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MICHEL CHEVALIER PAPERS

Michel Chevalier (1806-79) was a French political economist and a strong proponent of free trade. Chevalier, trained as a mine engineer by trade, abandon his original profession to direct the journal, Le Globe, from 1830 to 1832, beginning a career as an economist and politician. He began work at the Ministry of Public Works in Paris in 1832 and was sent on a mission to the United States and then to Great Britain. In 1840 he was named "Conseiller d'Etat" and Professeur of Political Economics at the College de France. After losing both posts in the revolution of 1848, he was reinstated by the Prince-President Louis-Napoleon in 1852. After becoming the President of the Conseil General of Herault, he was named a Senator in 1860 by Napoleon III. At this point, Chevalier represented the Saint-Simoniens, a political faction which rallied around the Empire. Chevalier assigned to the state an important economic role, but he was also a strong supporter of free trade. He was the principle author of the Cobden-Chevalier Treaty between France and Great Britain which lowered French tariffs dramatically. The Treaty soon proved a failure because of antagonism between the two powers. Chevalier was the author of several publications, including Histoire et Description des Voies de Communication aux Etats-Unis (1840), Lettres sur l'Organisation du Travail (1848), La Liberte aux Etats-Unis (1849), Le Monopole et la Liberte (1867), and Les Brevets d'Invention (1878).

By 1870, interests in an isthmian canal in Central America were highly pursued by the British, United States and French Governments, but Michel Chevalier was one of the first to pursue concessions as an individual. In 1870, he made an agreement with Tomas Ayon, a Nicaraguan official, to gain a concession for a canal through that country along the San Juan River-Lake Nicaragua route. After political disarray in both countries soon afterwards, Chevalier lost his claim and attempted to regain it in 1875 and 1876 through appeals to Tomas Ayon, Manuel Peralta (a Costa Rican official) and Pedro Joaquin Chamorro, the President of the Republic of Nicaragua.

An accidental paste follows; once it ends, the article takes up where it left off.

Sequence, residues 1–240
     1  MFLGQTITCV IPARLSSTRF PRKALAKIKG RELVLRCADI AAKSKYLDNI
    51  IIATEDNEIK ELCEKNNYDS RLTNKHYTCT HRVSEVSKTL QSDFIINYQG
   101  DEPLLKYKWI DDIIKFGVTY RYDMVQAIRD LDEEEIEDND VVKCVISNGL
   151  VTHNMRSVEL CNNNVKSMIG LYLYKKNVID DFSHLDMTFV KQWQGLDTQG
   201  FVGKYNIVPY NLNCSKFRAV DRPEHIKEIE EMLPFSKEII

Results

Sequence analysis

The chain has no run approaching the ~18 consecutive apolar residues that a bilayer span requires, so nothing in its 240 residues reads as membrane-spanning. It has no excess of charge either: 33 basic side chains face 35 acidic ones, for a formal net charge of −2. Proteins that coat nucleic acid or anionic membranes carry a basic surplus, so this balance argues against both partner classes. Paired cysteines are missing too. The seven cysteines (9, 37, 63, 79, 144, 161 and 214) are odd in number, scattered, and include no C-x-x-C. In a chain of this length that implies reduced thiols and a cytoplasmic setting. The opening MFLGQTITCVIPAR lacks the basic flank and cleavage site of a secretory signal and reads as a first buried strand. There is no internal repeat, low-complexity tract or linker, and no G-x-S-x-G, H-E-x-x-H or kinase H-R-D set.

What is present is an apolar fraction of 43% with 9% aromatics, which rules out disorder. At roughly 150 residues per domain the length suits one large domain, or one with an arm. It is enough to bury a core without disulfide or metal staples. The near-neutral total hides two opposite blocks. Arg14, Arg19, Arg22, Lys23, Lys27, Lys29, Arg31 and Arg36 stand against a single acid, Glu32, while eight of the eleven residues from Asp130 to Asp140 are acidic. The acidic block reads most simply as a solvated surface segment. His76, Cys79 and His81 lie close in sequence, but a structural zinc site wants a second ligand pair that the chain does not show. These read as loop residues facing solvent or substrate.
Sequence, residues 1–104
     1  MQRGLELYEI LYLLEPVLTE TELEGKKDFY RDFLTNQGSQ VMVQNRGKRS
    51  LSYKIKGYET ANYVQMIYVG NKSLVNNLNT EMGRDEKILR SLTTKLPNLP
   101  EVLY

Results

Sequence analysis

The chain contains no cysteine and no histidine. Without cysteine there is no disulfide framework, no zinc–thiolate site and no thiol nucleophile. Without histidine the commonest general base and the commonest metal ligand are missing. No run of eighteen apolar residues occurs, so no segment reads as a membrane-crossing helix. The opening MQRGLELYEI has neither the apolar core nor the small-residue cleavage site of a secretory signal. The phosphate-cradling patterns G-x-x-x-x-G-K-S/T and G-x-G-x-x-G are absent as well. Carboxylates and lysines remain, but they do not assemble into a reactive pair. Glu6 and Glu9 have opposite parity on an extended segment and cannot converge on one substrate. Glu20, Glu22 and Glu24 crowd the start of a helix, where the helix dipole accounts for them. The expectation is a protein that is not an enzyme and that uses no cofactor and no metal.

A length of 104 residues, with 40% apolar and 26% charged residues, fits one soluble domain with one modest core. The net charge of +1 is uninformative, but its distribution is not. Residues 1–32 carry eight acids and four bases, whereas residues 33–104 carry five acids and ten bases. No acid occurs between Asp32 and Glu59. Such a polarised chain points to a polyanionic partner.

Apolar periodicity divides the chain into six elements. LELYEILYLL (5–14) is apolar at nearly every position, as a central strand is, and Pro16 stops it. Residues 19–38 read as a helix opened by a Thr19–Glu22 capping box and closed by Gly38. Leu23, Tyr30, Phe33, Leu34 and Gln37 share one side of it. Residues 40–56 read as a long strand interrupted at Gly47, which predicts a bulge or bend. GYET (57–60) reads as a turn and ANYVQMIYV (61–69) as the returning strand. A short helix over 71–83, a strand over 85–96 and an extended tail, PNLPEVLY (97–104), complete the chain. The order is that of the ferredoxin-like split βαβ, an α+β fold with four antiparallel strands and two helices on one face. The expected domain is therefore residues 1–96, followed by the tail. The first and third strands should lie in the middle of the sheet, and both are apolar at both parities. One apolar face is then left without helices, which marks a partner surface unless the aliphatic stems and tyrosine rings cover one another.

The material in this collection reflects the consultation Chevalier was requesting from a Minister, probably in Paris or a nearby capital, as to how he should approach Chamorro. This Minister was probably a Central American diplomat in Europe, possibly Peralta. The letter which Chevalier eventually sent to Chamorro is also in the collection. It seems clear that Chevalier's claims were so weak by the time of this correspondence that he would not receive his concession, which was rejected by the Nicaraguan Government rather quickly. It is of interest, also, that during this correspondence, the United States' Inter oceanic Canal Commission appointed by President Grant selected the Nicaraguan route as the most probable one, making the concession all the more valuable to Chevalier. Accession data: Purchased from Ginsburg, Catalogue 100, #62, October, 1991. Bulk dates: 1875 - 1876 Span dates: 1863 - 1876 Extent: .25 linear feet ACCESSION DATA: Purchased from Ginsburg, Catalogue 100, #62, October, 1991.
BULK DATES: 1875 - 1876
SPAN DATES: 1863 - 1876 EXTENT: 1 small box



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